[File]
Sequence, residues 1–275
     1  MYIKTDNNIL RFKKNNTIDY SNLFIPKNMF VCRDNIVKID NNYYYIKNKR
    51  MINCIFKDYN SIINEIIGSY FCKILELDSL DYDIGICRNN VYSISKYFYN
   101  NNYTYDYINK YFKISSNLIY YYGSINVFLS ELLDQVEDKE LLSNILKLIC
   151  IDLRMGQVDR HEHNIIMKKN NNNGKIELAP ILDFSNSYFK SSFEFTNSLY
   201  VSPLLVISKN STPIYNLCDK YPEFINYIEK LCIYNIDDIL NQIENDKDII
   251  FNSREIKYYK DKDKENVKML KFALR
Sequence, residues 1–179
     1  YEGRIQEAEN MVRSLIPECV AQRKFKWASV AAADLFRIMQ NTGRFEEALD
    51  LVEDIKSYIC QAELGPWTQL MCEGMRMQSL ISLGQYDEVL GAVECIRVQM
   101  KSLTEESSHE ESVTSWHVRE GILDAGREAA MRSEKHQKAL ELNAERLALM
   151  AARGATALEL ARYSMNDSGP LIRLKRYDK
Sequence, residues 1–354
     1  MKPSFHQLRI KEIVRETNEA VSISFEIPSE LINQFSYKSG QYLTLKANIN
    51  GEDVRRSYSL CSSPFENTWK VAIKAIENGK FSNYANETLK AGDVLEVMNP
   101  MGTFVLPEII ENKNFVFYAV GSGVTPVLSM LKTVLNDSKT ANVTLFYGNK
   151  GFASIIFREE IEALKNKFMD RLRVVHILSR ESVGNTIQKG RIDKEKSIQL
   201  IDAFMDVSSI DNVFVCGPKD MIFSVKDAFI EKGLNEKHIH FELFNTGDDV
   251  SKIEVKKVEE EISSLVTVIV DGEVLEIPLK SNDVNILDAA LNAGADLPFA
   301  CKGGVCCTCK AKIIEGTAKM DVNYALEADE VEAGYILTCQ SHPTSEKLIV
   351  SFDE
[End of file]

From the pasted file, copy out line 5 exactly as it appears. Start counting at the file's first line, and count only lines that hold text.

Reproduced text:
   151  IDLRMGQVDR HEHNIIMKKN NNNGKIELAP ILDFSNSYFK SSFEFTNSLY